David Maas, Half of ‘Quick Change’ Magic Act, Dies of Covid-19

David Maas, Half of ‘Quick Change’ Magic Act, Dies of
Covid-19 1

This obituary is part of a series about people who have died in the coronavirus pandemic. Read about others here.

David Maas, half of a husband-wife magic act that achieved YouTube stardom, performed on some of television’s biggest stages and kept basketball fans nationwide nailed to their seats at halftime with their lightning-fast costume changes, died on Sunday. He was 57.

The cause was Covid-19, said the couple’s agency, Hoffman Entertainment.

In 1996 he and Dania Kaseeva married, and the couple first performed their “Quick Change” routine that would stump audiences for decades. Garishly dressed from the outset, they would dance around, then cover each other for mere seconds before emerging in new garb, the old outfit nowhere to be found. The illusion was performed under the veil of a sheet, or even a toss of confetti.

It would land the duo on programs like “The Oprah Winfrey Show,” “Ellen” and a slew of late-night shows, and as guests on “Big Brother.” They helped Katy Perry, the pop singer, perform her own rapid costume changes during concert performances of the song “Hot N Cold.”

Former President George H.W. Bush requested their act three times at his home in Maine, according to the couple’s website. They performed at magic shows and festivals worldwide. And they appeared on “America’s Got Talent,” the NBC variety show in which they made it to the semifinals in 2006. One of their performances on the show that year became the third-most-watched video on YouTube of the year.

Price & Product Availability Tracker

Discover where products are available & compare prices

“Your act is one of a kind,” the actor David Hasselhoff, one of the celebrity judges, told them. “We’re still sitting here with our mouths open.”

The act was perhaps most recognizable among basketball fans, who would consider halftime the wrong time to visit the concessions when “Quick Change” was on the court. They performed at all 30 N.B.A. arenas, the All-Star Game and 15 W.N.B.A. arenas. At least 76 universities brought them to campus for halftime performances, along with the Big Ten basketball tournaments and the N.C.A.A. Final Four.

They were consistently among the most requested halftime acts, and one of the highest rated among fans and journalists. The N.B.A.’s Oklahoma City Thunder and Xavier University athletics were among those to pay tribute on Tuesday after his death was announced.

David Michael Maas was born in March 1963 to Jerry, a music director for the Circus Hall of Fame in Sarasota, Fla., and Frances, a singer and dancer. As a child he would sit ringside, and as a teenager he would begin creating his own illusions and performing as a ringmaster.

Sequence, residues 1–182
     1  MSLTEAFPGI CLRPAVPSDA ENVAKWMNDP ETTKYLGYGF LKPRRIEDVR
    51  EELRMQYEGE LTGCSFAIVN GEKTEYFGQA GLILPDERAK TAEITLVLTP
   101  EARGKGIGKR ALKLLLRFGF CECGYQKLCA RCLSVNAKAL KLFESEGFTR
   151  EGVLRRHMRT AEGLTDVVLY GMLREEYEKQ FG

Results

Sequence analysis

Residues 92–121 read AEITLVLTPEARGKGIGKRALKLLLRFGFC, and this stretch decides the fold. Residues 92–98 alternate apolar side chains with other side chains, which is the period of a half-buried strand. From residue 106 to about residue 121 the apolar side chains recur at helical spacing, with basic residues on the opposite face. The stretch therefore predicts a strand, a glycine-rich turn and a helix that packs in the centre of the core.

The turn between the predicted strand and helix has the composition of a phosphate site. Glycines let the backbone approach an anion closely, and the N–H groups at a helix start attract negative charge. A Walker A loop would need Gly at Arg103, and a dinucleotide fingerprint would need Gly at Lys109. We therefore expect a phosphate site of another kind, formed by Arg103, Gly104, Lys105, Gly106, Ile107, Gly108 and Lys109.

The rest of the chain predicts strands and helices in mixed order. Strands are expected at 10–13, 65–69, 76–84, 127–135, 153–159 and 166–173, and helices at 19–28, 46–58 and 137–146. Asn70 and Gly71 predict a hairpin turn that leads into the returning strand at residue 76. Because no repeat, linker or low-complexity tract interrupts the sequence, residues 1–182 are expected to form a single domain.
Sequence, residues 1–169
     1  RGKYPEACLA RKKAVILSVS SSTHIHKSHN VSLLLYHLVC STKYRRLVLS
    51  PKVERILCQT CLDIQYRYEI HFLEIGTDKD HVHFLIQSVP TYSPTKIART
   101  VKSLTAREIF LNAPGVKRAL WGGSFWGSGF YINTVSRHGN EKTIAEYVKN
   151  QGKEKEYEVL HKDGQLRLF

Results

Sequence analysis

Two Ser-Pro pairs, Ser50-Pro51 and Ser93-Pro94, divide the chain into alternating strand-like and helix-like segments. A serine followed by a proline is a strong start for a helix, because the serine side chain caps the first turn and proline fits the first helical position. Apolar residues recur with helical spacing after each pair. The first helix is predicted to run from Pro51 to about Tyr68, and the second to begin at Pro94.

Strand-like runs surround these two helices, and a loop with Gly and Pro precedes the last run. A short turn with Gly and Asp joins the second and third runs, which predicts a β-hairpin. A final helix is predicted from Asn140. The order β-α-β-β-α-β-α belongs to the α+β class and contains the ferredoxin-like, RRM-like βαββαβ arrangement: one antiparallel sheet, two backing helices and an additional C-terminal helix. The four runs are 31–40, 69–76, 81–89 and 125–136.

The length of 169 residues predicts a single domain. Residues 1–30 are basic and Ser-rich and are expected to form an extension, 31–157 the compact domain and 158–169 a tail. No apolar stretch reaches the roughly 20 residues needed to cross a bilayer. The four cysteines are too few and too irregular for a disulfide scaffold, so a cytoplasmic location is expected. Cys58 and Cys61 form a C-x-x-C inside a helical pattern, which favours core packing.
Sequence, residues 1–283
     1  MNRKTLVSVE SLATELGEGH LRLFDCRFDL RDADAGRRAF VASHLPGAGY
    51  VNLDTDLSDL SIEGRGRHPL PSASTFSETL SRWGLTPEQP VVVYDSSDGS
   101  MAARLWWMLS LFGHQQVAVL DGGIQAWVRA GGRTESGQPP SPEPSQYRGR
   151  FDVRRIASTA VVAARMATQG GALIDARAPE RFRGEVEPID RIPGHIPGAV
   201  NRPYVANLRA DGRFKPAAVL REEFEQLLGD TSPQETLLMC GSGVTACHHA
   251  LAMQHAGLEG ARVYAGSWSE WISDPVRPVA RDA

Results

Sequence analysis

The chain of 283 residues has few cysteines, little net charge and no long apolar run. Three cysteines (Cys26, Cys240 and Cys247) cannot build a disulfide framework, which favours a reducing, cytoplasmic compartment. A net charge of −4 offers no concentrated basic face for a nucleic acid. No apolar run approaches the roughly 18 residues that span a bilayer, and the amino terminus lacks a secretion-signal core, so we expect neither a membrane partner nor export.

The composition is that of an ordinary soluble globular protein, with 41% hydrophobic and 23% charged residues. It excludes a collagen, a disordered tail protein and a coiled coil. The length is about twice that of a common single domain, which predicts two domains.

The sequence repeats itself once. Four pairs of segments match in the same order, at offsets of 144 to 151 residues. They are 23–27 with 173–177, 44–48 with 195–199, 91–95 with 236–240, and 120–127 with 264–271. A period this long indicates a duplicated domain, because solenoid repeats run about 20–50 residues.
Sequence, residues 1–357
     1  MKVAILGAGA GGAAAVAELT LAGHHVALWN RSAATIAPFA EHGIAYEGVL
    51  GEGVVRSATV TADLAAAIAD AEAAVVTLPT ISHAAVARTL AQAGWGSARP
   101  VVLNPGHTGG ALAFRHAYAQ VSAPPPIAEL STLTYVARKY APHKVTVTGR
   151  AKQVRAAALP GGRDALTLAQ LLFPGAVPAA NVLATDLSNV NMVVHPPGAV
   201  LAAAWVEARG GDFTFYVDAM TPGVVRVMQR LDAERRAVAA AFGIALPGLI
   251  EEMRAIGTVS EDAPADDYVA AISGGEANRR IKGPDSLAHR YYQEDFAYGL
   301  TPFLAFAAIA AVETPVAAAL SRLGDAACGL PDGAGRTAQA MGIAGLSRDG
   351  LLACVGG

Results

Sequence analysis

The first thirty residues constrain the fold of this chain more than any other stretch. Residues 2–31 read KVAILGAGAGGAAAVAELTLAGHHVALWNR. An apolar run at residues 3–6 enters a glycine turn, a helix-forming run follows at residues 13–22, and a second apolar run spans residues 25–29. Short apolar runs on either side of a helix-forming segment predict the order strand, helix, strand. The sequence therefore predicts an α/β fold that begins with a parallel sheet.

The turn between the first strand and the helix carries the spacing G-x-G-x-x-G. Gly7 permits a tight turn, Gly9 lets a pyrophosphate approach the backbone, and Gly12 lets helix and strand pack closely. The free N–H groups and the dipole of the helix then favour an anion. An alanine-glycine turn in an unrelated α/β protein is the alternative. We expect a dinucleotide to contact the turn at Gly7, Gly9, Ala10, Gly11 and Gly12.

He met Ms. Kaseeva, who had recently come to the United States as part of the Moscow State Circus, at a show in 1995 in which he was the ringmaster and she performed a Hula-Hoop act. After they began dating, they decided to create a two-person show to keep their romance alive, coming up with their own twists on the quick-change concept that had long figured into magic shows, if not so elaborately.

“Our relationship couldn’t work if I was on the road 200 days a year,” Mr. Maas told ESPN in 2011. The network declared them “the most successful halftime act in sports.”

To prepare, Mr. Maas lost weight and trained in ballroom dancing, as Ms. Kaseeva and a Russian seamstress scoured through New York’s garment district to create their complicated costumes. They began performing the act in 1996, and appeared on national TV for the first time in 2001 on ABC’s “Good Morning America.”

Ms. Kaseeva survives him.

On “America’s Got Talent,” they encountered one critic in the form of Piers Morgan, who considered the act to be too one-note. The other two judges on the program disagreed, and Mr. Maas stood up to Mr. Morgan and forcefully defended the routine.

“You want to see an elephant or a snowmobile on the stage? Take a trip down to Las Vegas,” he said to applause from the audience. “We’re the only act of its kind. The concept has taken us all over the world.”

Read the Full Article

Prepare Now Before its too Late

Discover where products are available & compare prices

College Basketball Is Starting. Some Coaches Are Openly Asking Why.
As COVID-19 Vaccine Nears, Employers Consider Making It Mandatory

You might also like